While we do know that the Draconid meteor shower recently peaked, it’s still active and so is another shower actually. The Orionid meteor shower is also actually in full swing right now as well and it’s quite spectacular.

Sure, the Draconid meteor shower is a bit more lackluster than the Orionid meteor shower but both are quite worth looking out for and together they do put forth a decent sight, that’s for sure. While the Draconid shower will likely fizzle out around mid-October, the Orionid shower will continue well into early November.

Since the moon is heading towards its phase of new, things will be much easier to spot this week and over the weekend itself. While the Draconid shower has already peaked and the Orionid shower doesn’t peak until roughly the 21st, if you take the time to look up at any point in the next 10 days or so, you’re likely to spot a few shooting stars. While the estimated total at the moment per hour is about four. That in itself is still a decent number and will give you something to make a wish on if nothing else.

Personally, when it comes to seeing shooting stars, I cannot help but make wishes. While you may be able to see more or less shooting stars per hour depending on where you are or just how clear the sky is in your area, you should still have a decent skywatching week. If you live out in the country away from big cities, you’re likely to have a much better view than most and with the new moon on the 16th, you have the perfect chance to really get out and look for shooting stars.

AMS wrote as follows on the next few days and where to watch for these interesting space rocks shooting through:

The radiant (the area of the sky where meteors appear to shoot from) positions and rates listed below are exact for Saturday night/Sunday morning October 10/11. These positions do not change greatly day to day so the listed coordinates may be used during this entire period. Most star atlases (available at science stores and planetariums) will provide maps with grid lines of the celestial coordinates so that you may find out exactly where these positions are located in the sky. A planisphere or computer planetarium program is also useful in showing the sky at any time of night on any date of the year. Activity from each radiant is best seen when it is positioned highest in the sky, either due north or south along the meridian, depending on your latitude. It must be remembered that meteor activity is rarely seen at the radiant position. Rather they shoot outwards from the radiant, so it is best to center your field of view so that the radiant lies at the edge and not the center. Viewing there will allow you to easily trace the path of each meteor back to the radiant (if it is a shower member) or in another direction if it is a sporadic. Meteor activity is not seen from radiants that are located far below the horizon. The positions below are listed in a west to east manner in order of right ascension (celestial longitude). The positions listed first are located further west therefore are accessible earlier in the night while those listed further down the list rise later in the night.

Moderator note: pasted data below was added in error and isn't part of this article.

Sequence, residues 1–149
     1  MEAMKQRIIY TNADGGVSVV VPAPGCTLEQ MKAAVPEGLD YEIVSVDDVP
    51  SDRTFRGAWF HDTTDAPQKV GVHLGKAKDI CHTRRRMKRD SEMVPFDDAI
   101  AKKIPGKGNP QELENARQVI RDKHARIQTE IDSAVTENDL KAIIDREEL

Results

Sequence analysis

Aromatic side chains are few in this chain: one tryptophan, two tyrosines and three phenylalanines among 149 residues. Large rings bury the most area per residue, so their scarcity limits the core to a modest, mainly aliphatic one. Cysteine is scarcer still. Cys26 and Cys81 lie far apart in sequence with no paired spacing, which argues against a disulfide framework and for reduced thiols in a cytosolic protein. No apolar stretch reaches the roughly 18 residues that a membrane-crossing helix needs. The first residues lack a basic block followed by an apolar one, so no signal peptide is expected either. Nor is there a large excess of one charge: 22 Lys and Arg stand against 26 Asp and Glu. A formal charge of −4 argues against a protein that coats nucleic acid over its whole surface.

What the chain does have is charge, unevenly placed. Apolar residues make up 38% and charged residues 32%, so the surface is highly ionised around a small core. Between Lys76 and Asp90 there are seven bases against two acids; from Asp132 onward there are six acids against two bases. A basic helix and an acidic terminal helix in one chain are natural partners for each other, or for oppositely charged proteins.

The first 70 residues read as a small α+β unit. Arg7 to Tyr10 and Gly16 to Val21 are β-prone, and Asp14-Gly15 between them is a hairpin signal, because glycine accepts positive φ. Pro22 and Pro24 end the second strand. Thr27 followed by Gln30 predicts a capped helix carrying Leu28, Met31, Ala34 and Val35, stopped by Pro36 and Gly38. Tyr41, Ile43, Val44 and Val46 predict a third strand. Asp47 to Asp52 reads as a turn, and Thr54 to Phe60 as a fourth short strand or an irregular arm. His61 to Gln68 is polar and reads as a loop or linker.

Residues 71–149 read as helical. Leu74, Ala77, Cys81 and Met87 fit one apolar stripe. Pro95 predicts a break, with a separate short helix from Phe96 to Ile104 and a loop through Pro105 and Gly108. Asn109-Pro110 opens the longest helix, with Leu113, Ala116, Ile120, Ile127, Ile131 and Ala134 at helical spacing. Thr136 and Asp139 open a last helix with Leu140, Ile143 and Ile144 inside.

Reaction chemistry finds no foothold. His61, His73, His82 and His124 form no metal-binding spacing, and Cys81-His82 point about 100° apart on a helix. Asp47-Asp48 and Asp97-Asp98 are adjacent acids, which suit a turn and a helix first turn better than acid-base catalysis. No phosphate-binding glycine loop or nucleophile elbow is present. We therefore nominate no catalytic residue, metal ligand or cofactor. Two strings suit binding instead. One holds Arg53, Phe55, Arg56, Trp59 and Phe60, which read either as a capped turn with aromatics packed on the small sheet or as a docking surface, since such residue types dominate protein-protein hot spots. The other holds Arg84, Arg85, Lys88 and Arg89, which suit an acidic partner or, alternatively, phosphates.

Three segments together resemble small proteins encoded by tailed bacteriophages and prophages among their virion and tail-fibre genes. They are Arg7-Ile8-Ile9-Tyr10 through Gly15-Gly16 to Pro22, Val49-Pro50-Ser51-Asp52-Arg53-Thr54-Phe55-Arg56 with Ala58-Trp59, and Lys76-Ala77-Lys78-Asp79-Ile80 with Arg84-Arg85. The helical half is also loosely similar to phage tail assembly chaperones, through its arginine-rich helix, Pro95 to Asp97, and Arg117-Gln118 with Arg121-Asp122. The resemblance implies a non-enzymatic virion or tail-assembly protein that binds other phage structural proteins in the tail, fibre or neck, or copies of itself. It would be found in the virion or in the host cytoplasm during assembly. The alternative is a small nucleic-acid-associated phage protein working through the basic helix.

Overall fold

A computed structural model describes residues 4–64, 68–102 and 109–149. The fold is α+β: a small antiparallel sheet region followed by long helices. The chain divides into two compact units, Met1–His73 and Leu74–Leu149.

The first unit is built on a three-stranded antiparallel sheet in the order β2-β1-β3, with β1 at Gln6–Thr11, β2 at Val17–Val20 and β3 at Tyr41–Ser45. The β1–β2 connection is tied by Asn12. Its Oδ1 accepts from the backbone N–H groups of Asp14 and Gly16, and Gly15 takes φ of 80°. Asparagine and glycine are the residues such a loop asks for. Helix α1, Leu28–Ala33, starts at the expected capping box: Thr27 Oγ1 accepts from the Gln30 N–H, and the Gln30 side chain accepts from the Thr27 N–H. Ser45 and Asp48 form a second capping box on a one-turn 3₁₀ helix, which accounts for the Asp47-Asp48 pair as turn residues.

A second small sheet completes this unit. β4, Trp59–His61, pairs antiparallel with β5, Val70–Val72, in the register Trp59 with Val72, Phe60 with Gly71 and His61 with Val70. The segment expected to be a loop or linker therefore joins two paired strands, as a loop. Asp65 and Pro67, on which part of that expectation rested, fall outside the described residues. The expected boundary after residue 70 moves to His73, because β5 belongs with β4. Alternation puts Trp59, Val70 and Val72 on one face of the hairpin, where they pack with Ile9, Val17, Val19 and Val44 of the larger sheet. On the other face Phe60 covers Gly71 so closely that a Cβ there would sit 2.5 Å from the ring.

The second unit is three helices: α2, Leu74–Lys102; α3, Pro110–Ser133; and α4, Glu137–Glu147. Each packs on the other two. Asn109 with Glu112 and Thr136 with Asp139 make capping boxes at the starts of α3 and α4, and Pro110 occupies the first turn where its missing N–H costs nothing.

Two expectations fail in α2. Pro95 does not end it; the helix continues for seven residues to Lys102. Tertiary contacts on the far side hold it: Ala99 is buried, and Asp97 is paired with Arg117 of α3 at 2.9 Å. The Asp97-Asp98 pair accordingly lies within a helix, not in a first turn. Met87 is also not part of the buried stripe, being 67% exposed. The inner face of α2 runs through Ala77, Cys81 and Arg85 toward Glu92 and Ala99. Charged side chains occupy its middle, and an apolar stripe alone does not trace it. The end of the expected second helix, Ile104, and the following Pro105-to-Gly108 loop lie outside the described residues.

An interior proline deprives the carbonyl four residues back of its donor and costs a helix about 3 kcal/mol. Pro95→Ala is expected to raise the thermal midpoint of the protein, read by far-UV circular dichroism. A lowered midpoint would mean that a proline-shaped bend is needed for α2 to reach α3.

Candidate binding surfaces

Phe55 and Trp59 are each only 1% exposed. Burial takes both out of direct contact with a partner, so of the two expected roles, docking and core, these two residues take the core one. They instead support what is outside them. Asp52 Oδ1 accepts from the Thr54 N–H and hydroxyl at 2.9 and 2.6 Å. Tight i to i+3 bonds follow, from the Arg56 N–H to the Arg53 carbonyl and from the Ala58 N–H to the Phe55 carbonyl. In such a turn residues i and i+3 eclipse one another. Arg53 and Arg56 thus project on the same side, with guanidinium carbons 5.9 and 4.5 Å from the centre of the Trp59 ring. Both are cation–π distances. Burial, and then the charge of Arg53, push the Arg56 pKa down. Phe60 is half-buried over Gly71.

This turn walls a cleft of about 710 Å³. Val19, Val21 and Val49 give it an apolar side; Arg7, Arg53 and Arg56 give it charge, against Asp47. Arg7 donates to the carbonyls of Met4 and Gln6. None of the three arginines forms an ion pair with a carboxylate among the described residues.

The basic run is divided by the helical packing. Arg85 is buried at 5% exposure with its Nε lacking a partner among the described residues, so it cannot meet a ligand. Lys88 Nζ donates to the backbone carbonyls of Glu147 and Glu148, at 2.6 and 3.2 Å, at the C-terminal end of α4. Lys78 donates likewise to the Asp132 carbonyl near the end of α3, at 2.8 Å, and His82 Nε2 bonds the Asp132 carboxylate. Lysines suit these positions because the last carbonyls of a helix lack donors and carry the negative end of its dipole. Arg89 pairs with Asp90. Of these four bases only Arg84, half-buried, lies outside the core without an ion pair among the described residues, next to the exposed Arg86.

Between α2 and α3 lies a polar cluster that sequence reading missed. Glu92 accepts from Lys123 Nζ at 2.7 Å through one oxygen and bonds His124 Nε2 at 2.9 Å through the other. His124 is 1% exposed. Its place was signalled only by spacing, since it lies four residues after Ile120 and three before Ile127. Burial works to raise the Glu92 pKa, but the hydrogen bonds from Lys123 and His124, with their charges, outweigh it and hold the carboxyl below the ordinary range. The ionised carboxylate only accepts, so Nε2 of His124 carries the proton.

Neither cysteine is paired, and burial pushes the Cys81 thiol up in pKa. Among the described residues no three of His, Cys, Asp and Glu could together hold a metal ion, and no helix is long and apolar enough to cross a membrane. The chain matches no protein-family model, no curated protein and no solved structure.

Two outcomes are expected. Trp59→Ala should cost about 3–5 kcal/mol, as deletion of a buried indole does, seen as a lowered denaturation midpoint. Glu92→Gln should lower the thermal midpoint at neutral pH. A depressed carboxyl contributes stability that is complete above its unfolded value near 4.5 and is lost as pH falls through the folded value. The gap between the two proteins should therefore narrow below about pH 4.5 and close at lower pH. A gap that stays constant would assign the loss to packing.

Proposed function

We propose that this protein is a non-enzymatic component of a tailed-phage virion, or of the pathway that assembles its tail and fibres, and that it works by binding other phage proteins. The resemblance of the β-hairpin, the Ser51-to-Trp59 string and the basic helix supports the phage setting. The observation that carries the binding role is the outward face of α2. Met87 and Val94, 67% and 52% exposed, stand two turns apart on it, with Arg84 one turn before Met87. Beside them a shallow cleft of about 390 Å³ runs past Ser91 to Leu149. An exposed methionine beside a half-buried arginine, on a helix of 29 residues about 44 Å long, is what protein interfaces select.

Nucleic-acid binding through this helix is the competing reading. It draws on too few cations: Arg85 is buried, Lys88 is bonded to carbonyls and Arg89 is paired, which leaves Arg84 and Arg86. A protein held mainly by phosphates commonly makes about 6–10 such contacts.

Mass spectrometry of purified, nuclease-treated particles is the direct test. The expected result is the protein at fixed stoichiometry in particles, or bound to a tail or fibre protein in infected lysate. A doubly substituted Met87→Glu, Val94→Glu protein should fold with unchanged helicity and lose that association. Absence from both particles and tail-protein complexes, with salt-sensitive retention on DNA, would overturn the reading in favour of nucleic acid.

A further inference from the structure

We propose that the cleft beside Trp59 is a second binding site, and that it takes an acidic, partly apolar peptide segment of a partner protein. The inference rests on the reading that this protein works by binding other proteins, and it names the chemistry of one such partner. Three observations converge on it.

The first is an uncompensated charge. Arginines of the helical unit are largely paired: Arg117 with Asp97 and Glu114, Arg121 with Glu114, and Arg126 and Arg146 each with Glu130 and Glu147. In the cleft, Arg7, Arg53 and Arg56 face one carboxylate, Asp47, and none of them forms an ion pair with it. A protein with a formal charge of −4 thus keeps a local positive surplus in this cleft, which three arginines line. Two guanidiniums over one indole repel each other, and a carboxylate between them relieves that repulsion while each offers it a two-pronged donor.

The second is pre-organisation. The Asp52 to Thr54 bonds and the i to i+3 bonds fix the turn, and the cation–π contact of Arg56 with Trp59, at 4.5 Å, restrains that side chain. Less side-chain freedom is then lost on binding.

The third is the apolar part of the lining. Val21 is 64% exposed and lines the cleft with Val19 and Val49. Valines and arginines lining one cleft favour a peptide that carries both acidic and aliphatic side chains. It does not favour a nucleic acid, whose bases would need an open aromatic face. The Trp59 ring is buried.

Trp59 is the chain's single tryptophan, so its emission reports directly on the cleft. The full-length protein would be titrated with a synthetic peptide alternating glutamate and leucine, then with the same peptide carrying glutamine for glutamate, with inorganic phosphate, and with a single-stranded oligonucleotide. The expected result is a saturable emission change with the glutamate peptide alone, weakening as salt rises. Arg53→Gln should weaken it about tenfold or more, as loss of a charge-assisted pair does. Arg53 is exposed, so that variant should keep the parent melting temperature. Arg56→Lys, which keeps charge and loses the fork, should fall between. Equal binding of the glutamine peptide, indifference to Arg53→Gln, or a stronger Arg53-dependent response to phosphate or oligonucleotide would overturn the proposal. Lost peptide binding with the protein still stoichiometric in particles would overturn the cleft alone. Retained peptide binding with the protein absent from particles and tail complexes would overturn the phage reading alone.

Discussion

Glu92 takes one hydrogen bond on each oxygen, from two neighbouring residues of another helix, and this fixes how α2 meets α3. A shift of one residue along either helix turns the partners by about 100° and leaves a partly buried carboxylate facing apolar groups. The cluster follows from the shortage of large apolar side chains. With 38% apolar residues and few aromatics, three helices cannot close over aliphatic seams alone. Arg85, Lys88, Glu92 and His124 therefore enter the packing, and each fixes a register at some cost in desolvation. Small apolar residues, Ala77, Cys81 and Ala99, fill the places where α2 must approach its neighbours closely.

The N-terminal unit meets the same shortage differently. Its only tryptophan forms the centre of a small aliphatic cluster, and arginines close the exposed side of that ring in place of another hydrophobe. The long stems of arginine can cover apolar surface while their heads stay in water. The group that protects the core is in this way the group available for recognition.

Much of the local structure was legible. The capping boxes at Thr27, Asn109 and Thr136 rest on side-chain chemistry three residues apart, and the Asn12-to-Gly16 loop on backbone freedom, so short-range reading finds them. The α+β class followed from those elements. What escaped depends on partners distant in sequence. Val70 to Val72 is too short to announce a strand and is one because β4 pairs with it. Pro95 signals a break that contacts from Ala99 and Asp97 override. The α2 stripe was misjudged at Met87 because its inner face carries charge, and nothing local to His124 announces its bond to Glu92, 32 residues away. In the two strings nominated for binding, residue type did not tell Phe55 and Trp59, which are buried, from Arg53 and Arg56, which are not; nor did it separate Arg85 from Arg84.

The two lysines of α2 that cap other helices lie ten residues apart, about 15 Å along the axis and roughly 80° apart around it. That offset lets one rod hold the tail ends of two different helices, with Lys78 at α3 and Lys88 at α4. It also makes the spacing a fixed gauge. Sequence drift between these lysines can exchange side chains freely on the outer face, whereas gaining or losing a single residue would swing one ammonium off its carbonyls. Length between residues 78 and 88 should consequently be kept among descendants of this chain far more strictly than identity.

Perhaps we should also note that while the two major showers listed above will be active, they’re not the only showers present. There will also be several minor showers present as well. This could increase those odds of seeing a shooting star and while minor showers are worth at least being aware of. The Southern Taurids and even the Epsilon Geminids will be somewhat active and honestly, I’m stoked to get to view the sky over the next few nights.

Do you like watching for shooting stars and making wishes or do you think it’s silly? I personally love it whether I’m making a wish or not. Seeing something darting across the sky really makes me feel small.

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